[p2p-hackers] IETF rejects Obfuscated TCP

Eric Rescorla ekr at networkresonance.com
Wed Aug 20 17:23:26 EDT 2008

At Wed, 20 Aug 2008 13:27:50 -0700,
Adam Langley wrote:
> On Wed, Aug 20, 2008 at 1:15 PM, Alex Pankratov <ap at poneyhot.org> wrote:
> > Based on this reply alone I'm not sure I follow. I also read quickly
> > through your exchange on TCPM and your comments appear to be specific
> > to Adam's draft.
> >
> > My comment was not related to either a latency or a potential performance
> > problems of TLS. It was in a response to another idea - that of bundling
> > TLS handshake with TCP handshake. The goal of this (and I apologize for
> > stating the obvious, just want to make sure we are on the same page here)
> > is to provide transparent to application layer opportunistic encryption
> > of TCP streams. Whether this goal makes any sense and if it is worth
> > pursuing is a separate issue; it's the DoS aspect of the implementation
> > idea that I was commenting on.
> Sorry, I'm loosing this conversation a little, I think half of it's
> occuring on mailing lists that I'm not on.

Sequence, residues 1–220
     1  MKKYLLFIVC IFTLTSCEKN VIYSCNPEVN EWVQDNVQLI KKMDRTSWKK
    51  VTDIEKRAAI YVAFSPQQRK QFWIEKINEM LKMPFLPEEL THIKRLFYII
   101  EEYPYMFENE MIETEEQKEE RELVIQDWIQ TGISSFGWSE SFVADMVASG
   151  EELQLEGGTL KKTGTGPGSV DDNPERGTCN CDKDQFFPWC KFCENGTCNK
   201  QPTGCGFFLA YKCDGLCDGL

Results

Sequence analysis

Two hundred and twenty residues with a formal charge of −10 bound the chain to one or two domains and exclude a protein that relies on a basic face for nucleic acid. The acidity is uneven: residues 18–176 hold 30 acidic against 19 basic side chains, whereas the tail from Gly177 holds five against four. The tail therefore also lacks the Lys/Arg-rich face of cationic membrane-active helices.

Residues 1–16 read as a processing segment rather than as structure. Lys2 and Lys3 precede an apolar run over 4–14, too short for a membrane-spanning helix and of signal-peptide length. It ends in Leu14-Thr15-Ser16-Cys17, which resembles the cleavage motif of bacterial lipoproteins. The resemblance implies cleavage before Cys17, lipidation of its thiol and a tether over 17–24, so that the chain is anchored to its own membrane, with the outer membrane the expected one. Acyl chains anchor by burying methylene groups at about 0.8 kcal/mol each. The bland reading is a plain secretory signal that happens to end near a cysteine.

Indeed. I'm not on p2p-hackers, so I'm reading this on cryptography at .

> If I might speak for another: ekr doesn't believe that an extra RTT of
> latency is important. This is perfectly reasonable since I can't
> release any numbers. Thus, Eric is taking the perfectly respectable
> view that we shouldn't complicate things for dubious benefit.

That's probably a reasonably accurate summary of my position.

> TLS is only one RTT if the session is cached (either server side
> caching or client side). Without modifying TCP, one could push the
> server's exchange into the SYNACK and get this down to 0 extra round
> trips. (needs kernel changes) This would really involve cramming TLS
> into a very small space and the result would look little like TLS.

I actually am not sure I agree with this assessment of "look little
like TLS". I haven't spent that much time on this particular
issue, but most of the schemes I've seen for optimizing out TLS round trips 
(e.g., FastTrack) are actually quite minor modifications to TLS.

> However, the issue is that, if clients started doing this, they
> couldn't know if the other end supports it. Thus it wouldn't be very
> opportunistic.

Well, maybe, maybe not. Remember that if you're doing session
caching, the client and a server have an opportunity do do
discovery in the first handshake.


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